CYP campaigning from the shadows

Khuon Narim / Khmer Times No Comments Share:
A villager is shown how to correctly cast her ballot. KT/Khuon Narim

Kampong Cham province – As Cambodian Youth Party leaders struggle here to inform voters of who they are, distributing policy pamphlets and educating people on the CYP’s history, the established CPP is taking another tack: teaching villagers how to vote.

About 100 CYP members descended upon Prey Chhor district yesterday to distribute party leaflets, led by provincial executive director Ven Ratanak, who was met with surprise when telling villagers that he was a politician with the CYP.

“The public are interested in political parties, but not like they were in 2013,” Mr Ratanak said.

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Mr Ratanak said that in 2013, the former opposition CNRP was taking part in the election and villagers were much more engaged, whereas this year they seem indifferent.

As he tried to hand out his policy leaflets, which outlined the CYP’s stance on education, student loans, job opportunities, agriculture, and immigration, some villagers were bemused.

CYP provincial executive director Ven Ratanak. KT/Khuon Narim

Motodop Mam Baty, 50, took the leaflet and began flipping through it before turning to a reporter once Mr Ratanak had moved on to ask: “Do you know who the president of this party is?”

“We are waiting to see who to support because there are a lot of parties,” Mr Baty added. “People are not familiar with all these new parties. I am looking at the CYP policies and they look good, with a focus on education, labour and poor students in need of loans.”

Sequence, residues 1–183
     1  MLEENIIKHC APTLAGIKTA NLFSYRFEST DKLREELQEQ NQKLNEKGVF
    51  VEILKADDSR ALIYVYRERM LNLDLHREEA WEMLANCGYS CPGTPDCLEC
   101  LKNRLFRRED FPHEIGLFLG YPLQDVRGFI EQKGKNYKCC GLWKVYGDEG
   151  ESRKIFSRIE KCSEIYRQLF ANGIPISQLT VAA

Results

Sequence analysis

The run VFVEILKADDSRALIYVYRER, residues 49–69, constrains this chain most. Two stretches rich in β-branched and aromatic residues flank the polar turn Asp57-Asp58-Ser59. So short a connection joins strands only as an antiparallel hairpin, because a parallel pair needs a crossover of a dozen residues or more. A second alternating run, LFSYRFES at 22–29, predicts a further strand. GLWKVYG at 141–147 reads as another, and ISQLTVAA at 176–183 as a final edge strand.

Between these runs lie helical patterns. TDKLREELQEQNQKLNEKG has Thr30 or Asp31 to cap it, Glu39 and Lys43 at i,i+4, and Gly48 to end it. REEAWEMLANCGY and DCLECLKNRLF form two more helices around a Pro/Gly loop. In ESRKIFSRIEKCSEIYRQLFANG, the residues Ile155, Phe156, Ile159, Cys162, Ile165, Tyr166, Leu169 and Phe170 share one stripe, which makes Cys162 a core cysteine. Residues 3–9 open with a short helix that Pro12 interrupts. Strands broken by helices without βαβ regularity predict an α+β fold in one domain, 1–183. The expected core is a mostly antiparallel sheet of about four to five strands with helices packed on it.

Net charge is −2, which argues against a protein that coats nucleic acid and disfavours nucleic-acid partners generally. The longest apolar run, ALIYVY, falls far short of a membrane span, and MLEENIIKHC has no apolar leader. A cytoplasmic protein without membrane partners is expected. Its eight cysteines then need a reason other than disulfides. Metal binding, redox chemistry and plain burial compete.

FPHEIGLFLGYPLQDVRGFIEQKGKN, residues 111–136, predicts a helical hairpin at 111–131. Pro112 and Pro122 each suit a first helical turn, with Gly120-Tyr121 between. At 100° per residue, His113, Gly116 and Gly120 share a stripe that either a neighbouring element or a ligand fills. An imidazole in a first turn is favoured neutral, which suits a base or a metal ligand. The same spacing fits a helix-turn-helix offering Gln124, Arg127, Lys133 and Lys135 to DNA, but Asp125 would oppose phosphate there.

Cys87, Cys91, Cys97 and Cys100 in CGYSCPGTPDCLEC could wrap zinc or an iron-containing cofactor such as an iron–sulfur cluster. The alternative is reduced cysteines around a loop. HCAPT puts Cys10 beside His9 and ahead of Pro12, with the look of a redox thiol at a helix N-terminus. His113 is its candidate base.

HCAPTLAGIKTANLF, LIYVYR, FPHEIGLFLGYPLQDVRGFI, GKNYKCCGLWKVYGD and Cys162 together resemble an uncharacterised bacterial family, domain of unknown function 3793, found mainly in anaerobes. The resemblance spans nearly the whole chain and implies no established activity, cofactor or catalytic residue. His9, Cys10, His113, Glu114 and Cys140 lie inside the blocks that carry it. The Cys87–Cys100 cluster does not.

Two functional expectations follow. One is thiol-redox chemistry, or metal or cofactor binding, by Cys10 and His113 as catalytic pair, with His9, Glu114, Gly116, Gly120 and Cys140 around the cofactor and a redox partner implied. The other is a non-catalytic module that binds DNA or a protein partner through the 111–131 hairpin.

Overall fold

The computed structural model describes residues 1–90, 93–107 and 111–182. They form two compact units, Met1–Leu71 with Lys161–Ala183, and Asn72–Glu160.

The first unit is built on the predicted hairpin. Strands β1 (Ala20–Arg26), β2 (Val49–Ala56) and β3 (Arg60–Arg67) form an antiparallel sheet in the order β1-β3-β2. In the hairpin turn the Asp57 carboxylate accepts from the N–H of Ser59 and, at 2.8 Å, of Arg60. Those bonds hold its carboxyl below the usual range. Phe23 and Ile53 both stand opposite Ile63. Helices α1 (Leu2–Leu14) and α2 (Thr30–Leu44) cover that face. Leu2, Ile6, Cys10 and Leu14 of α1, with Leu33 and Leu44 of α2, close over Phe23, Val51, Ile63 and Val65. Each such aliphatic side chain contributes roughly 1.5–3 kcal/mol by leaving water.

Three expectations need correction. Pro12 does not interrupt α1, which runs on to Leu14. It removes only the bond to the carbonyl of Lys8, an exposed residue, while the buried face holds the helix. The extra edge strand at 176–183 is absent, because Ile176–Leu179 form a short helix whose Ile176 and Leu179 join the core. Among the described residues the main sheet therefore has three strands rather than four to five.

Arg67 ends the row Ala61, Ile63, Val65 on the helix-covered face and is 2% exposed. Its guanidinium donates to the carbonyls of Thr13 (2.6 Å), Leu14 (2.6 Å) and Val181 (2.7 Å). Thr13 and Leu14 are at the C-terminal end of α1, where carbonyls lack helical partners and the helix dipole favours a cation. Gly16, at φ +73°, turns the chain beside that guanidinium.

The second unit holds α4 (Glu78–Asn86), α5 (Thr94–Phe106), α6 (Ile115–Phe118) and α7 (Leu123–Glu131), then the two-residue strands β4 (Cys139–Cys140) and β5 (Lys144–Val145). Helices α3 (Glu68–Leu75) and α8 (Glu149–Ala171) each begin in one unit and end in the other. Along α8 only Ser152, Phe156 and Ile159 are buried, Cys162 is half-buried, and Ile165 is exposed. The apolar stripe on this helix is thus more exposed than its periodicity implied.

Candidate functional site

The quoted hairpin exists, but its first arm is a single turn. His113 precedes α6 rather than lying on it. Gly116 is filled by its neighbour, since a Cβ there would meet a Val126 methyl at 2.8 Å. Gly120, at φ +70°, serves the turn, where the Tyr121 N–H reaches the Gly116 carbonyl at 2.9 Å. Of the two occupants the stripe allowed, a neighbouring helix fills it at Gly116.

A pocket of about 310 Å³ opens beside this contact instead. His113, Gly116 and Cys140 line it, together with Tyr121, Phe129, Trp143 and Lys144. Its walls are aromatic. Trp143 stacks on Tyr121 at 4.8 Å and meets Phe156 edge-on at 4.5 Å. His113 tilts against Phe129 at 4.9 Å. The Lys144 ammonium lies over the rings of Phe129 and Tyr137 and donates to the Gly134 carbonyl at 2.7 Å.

Mr Baty said that he personally wants illegal immigration addressed by the government in power.

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“It is a good thing if they clean up immigration because so many immigrants flow into our country,” he said. “If we go into their country, we are automatically detained, but they come here no problem.”

Mr Baty said he thinks part of the problem is that the law on immigration is not being properly enforced because officials are lining their own pockets with bribes rather than upholding the law and processing legal fees to be contributed to the state.

“Some money goes into their pocket and does not go to the national budget,” he said.

As Mr Ratanak continued his push in the district, he said that despite many not being familiar with his party, he remains confident that people plan to cast ballots on July 29 and that the CYP can win a few of the ten seats up for grabs in Kampong Cham.

“They are not so engaged like in 2013, but they will still exercise their right to vote,” he said. “It is up to the people to cast ballots and uphold democracy because the power of the citizen is the right to vote.”

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There are a total of 20 political parties contesting the national election this year, up from eight in the 2013 election and 11 in the 2008 poll.

As the CYP explained its existence here yesterday, the ruling CPP was in a neighbouring commune in the district where all villagers already knew the party and were being taught how to vote.

Chheang Heang, the CPP Chrai Vean commune chief, said that a working group was visiting villagers to educate them on where to vote and how to vote.

“We are explaining to them how to correctly tick the ballot box to abide the National Election Committee rules,” he said, noting that the CPP holds the last spot on the ballot and voters are also being informed of this.

“Some have voted in past elections and some have not. We’ve just told them how to tick the box,” he said. “And that if they like the CPP, to tick the last box.”

Farmer Choem Phun, 68, said that she was visited by a CPP member and taught how to tick the ballot box.

“We live in a rural area and we will tick the box for any party that we think is good,” she said.

Sam Kutheamy, executive director of election watchdog Nicfec, said he supported parties with the ability to spare time to educate voters on casting ballots.

“It is a good thing to teach voters on how to correctly cast their ballots,” he said.

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